On the other hand, agencies like Volt and Excell, as well as numerous smaller ones, have built their entire business around MS. At most they have a few other clients to occupy their contractors during their quarantine period. They were made an offer they couldn't refuse. Fuck Microsoft for extending it
I got two e-mails and a phone call today. Which would be great if I hadn't said to use e-mail and removed my phone number from my public profile (now that I've double checked this, I'll be asking anyone who contacts me in the future how they got the number), and it wasn't the third contact in four days from one particular company, asking for the same information. I checked my records, and what do you know they did the same thing a year and a half ago, when my resume wasn't even available: three e-mails from two people over a week and a half. Once more and I will seriously consider outing them on this blog, except I can't see how that would accomplish anything, they already look like idiots to anyone they try to recruit. I suppose the company they contract for, and it's only one company (you've heard of them), might care, but I doubt it. I'm still debating how snarky my reply should be. One on hand, the economy sucks. On the other hand, their are 400 companies that contract for the megacorp, 200 of which recruit for them alone, and they all have my e-mail address. And it would have to be a boatload of money to justify putting up with these idiots.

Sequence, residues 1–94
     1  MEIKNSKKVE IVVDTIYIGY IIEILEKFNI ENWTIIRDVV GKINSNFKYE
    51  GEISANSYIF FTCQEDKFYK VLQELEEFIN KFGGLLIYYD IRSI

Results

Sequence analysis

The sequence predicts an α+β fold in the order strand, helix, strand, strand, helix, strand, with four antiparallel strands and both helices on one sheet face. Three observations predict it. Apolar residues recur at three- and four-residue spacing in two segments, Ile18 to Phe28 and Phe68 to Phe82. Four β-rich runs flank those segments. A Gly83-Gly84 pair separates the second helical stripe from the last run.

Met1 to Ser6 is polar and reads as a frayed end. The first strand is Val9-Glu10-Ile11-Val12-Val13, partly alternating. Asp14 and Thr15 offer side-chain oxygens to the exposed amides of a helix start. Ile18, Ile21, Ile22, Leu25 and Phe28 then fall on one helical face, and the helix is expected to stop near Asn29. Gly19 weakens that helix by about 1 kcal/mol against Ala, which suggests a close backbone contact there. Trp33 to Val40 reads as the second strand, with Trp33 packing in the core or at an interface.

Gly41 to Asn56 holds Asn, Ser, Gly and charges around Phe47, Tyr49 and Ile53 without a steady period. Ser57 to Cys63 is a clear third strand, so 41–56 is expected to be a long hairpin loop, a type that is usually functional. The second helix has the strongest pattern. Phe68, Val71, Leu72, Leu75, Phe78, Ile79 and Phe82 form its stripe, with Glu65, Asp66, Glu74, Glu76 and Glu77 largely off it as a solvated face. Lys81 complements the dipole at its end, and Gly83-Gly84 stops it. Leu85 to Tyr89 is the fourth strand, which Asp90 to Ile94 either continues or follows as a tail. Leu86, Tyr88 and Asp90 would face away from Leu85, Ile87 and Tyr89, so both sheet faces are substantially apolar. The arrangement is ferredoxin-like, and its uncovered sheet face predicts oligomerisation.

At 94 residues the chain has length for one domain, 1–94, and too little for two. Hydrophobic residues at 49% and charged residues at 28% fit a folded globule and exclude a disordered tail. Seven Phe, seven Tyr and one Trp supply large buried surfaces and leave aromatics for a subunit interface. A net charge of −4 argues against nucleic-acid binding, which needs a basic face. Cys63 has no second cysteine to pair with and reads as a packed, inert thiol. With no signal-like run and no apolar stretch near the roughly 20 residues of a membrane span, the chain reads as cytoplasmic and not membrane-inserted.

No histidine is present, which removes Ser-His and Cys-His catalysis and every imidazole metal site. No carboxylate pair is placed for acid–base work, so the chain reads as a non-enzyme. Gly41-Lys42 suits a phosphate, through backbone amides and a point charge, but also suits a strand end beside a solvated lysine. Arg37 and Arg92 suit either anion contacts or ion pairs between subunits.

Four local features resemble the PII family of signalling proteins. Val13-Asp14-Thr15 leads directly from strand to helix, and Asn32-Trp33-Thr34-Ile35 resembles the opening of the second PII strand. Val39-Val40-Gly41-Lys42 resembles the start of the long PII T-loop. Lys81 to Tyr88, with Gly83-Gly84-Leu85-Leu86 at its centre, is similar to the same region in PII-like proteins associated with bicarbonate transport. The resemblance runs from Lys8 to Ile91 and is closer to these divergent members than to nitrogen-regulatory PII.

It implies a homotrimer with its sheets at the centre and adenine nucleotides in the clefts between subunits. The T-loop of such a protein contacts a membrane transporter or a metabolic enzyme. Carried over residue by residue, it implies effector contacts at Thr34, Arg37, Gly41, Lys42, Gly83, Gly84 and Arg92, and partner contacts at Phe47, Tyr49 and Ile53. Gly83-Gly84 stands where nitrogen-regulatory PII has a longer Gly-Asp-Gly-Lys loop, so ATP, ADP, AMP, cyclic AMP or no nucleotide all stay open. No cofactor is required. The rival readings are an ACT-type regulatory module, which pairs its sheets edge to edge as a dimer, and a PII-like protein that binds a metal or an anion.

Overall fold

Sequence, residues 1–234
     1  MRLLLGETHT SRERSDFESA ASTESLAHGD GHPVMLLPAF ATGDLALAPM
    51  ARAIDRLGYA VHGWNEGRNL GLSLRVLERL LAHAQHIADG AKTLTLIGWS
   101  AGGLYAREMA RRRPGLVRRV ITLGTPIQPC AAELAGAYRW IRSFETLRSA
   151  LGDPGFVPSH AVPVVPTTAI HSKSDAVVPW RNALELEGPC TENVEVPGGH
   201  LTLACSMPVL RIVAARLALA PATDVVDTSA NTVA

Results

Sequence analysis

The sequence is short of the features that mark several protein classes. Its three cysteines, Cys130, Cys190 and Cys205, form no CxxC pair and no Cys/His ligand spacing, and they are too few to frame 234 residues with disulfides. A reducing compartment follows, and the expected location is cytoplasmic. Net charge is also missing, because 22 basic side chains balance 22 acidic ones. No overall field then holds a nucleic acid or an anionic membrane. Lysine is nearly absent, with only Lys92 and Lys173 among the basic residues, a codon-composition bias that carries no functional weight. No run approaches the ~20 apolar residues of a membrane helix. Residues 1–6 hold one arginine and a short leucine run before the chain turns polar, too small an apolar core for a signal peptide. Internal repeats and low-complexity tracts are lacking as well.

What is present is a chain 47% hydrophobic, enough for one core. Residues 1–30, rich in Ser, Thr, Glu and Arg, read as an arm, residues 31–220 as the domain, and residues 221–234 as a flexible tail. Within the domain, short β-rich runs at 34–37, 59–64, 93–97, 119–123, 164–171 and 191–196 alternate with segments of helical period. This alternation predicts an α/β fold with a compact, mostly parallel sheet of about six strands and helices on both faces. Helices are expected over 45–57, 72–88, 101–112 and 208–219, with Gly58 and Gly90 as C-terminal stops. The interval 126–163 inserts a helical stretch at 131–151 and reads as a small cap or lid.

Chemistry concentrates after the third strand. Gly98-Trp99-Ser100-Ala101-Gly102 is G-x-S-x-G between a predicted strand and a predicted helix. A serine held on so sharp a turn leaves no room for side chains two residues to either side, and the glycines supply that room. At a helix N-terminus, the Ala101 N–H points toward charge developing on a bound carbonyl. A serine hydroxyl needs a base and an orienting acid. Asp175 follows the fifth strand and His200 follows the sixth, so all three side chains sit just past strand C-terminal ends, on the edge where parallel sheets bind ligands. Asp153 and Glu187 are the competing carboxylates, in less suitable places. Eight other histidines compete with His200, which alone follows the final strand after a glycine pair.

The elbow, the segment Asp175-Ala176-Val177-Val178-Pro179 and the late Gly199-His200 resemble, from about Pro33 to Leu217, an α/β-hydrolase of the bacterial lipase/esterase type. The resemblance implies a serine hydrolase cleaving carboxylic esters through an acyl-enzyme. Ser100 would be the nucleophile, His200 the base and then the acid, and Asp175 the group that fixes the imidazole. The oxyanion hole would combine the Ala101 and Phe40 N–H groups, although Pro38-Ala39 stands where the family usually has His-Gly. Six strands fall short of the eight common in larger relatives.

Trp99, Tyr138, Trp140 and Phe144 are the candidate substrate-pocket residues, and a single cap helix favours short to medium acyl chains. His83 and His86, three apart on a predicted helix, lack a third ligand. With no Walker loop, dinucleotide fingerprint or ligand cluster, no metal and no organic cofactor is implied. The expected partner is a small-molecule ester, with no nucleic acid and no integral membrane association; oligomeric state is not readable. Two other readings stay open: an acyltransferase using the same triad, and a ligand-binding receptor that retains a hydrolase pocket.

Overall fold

Speaking of idiots: today's phone call had something in common with Monday's (which was from my stalkers enthusiastic fans): a triumph of hope over reality. Monday's caller was really, really hoping I'd be available to start in two weeks, despite the fact that the availability date I gave me was five weeks in the future. It didn't hurt to ask. Today's caller was hoping I had five years experience testing databases. Now, recruiters* are stupid, so I can see how he couldn't tell from my resume I only had a year of DB work, because it's all greek to him. But maybe he could have noticed that I only had three and a half years of post-college experience, and my college work wasn't testing. That's just math, although there is the tricky thing where you have to remember years are base 12.

I really, really want to reward the good recruiters. Despite what I said above, my recruiter is actually quite good, and actually understands the things he recruits for. But a given agency only has so many jobs, and I'm not actually willing to take a pay.

Wednesday, March 4, 2009

Don't be anonymous on Dice

Turning off anonymity on dice, got two e-mails by end of day. This seems dumb, since I included my real name and e-mail address on my resume. I vaguely remember a similar effect the first time I used dice, although not so severe. What the hell?